As former director of the Inter-American Dialogue, Peter Hakim, points out, in his first year in office Obama had to contend with multiple obstacles that have frustrated change in U.S. relations with the region. There have, for example, been domestic issues such as the delay to fill critical U.S. diplomatic appointments, disagreements over Honduras, Cuban OAS membership, Latin American opposition to the U.S.-Colombia defense pact, and Iran’s ties to Brazil. All have been particularly challenging and in two years there has been little progress made on these issues.

The Obama Administration also faces a massive challenge to make progress on domestic climate change policy with the Republican Party bent on sabotaging constructive dialogue at every turn. The recent vote to cut-off funding to the Intergovernmental Panel on Climate Change (IPCC) suggests things have reached a new low.

Most countries in Latin America today consider the U.S. less relevant to their interests. Latin American governments are also taking initiatives to create their own regional institutions that both complement but also compete with organizations like the OAS.

The low level of attention also suggests that Latin American countries may be disappointed at the U.S.’s inability to achieve more on outstanding security and migration issues so are reacting ambivalently to the ECPA.

Those following hemispheric relations from the U.S. may also feel that other pressing issues such as trade, drugs and immigration are the real priority and discussing climate and energy concerns are a distraction. A leading commentator on hemispheric relations, the Inter-American Dialogue, for example, has paid very little attention to energy and climate issues in the region.

Elsewhere it is argued commentators in the media cannot be bothered to pay attention to the nuts and bolts of the initiatives that the current administration is working on.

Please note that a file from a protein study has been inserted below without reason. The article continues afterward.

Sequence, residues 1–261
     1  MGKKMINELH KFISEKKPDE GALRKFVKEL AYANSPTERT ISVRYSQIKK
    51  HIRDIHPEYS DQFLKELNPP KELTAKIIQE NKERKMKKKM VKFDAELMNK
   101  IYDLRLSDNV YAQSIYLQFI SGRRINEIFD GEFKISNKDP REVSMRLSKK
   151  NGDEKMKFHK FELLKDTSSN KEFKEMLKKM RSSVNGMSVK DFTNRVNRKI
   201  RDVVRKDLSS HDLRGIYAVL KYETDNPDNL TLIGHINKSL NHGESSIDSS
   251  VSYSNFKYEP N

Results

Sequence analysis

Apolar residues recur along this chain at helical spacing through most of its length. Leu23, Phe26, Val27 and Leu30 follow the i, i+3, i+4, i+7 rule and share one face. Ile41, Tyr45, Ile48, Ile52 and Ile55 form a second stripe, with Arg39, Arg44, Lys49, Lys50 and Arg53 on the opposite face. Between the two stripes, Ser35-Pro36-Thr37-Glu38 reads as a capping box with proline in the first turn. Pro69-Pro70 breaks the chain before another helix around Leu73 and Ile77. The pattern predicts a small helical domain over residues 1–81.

The Obama Administration has stated that there are four over-arching priorities in the region, which includes securing a clean energy future. It is time this issue was up-graded by the press and observers to reflect the importance it has been allocated.

The scant media coverage of the ECPA and consequent lack of pressure in support of the initiative is regrettable. Even despite the paucity of publicity, there have been some positive signs that the Partnership is achieving success and its ambitious goals reflect the growing awareness of the urgency of global warming and clean energy for the hemisphere.

The ECPA is also a useful diplomatic tool to rebuild confidence and improve trust between the U.S. and Latin America and may support the creation of more constructive political conditions to generate progress on other hemispheric issues.

Taking into account Latin American expertise on both climate and clean energy policies, the ECPA provides scope for these countries to press for greater change in the U.S. particularly on domestic climate policy, which is inextricably linked to success at the UNFCCC and a new global climate deal. In that sense the ECPA offers considerable potential.

However, while airtime for the Partnership remains insufficient, the ECPA will be unable to benefit from greater scrutiny, analysis and attention that the media and commentators provide for other regional issues. In the interests of hemispheric relations this needs to change immediately.